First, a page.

A story that must be told: The Women of Pitcairn

A story that must be told; The Women of Pitcairn
Deep in the South Pacific, lies 47 square kilometres of remote and secluded island. This island inspires an air of mystery and adventure, with a total of 50 inhabitants today. Its rocky coastline has bared witness to a great betrayal and its foundations are built on the guilt of its original nine mutineers. It is of course, Pitcairn Island.
The story of how this infamous island came to be inhabited does not start with the island, it starts with a mutiny. Cast yourself back to England, 1787, Captain William Bligh and his crew set off to Tahiti on a mission to collect and transport breadfruit from the Polynesian Island to the East Indies. Upon their return from Tahiti, Fletcher Christian the acting Lieutenant aboard the Bounty cried mutiny, instigating the event that would shape Pitcairn Islands future on the morning of 28th April, 1789. Now the captain of the Bounty, Christian returned to Tahiti where he took Tahitian locals, mostly women, on his ship and went in search of a safe place to hide.
On 15 January 1790, Christian found his haven, a rugged, island to hide their guilt, known as Pitcairn. The land was fertile and uninhabited providing the perfect hidden location. After being stripped for living necessities the witness vessel, Bounty was burned along with the evidence of the mutineer’s treacherous act. Initially the co-existence of the Tahitians and Europeans was relatively peaceful. Families were established between the two cultures and Christian, as the leader, bore a son with a Tahitian woman.
The peace on the island was short lived and it appears the familial exchanges were not always consensual with the women being passed from man to man like property. A rebellion began to rise and in September 1793, five of the mutineers were murdered in violent attacks at the hands of the Tahitians. By 1794, many of the Tahitian men had been killed by the widows of the fallen mutineers and Young and Adams took their place as the leaders on the island.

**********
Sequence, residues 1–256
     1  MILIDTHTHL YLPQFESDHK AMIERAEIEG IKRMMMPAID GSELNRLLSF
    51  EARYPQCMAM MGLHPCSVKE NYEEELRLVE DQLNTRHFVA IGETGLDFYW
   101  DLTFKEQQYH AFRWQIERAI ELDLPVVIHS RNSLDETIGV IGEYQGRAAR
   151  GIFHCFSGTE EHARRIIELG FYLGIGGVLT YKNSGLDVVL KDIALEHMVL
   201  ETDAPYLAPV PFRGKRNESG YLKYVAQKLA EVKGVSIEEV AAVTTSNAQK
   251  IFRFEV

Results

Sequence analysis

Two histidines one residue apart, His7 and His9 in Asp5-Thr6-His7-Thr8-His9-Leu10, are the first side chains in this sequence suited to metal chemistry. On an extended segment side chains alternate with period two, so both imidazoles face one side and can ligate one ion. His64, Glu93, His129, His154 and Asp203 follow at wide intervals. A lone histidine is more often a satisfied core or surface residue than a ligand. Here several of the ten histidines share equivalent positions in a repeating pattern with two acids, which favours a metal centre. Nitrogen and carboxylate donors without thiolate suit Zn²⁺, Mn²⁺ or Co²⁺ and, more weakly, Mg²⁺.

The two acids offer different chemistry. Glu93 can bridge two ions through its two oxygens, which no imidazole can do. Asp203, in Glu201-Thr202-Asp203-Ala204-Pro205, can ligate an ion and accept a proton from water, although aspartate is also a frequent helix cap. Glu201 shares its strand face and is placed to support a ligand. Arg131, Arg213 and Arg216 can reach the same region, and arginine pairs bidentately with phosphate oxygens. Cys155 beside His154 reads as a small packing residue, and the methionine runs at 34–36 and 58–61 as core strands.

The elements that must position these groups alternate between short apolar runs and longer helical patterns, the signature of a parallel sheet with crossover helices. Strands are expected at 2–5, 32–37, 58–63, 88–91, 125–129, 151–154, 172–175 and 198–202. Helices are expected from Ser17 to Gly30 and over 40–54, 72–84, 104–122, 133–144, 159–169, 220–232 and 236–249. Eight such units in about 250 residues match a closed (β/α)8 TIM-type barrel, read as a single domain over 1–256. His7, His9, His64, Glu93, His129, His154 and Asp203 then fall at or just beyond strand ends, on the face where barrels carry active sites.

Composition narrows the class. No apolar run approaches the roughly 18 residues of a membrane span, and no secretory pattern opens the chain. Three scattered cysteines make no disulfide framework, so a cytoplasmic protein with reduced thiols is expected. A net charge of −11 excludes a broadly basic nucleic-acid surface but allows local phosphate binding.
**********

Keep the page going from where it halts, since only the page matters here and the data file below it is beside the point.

However, this story has key characters that have often had their story stripped of them. The women of Pitcairn were strong and influential in the running of the island. They were actively involved in their culture, even after having been removed from their home. They were fiercely loyal to their role in society, as seen by their rebellion and the negotiations made between the two cultures. The male European story the world has presented for so long needs to be taken apart and re-examined with a different hierarchy in mind. A hierarchy that demonstrates that the women were not the weakest member of the society. They were the impervious link on the island to Polynesian culture, not to be dominated by the male presence. The enormity of the knowledge and culture these women possessed and passed down through their daughters displays another version of the history of Pitcairn that is in desperate need to be told.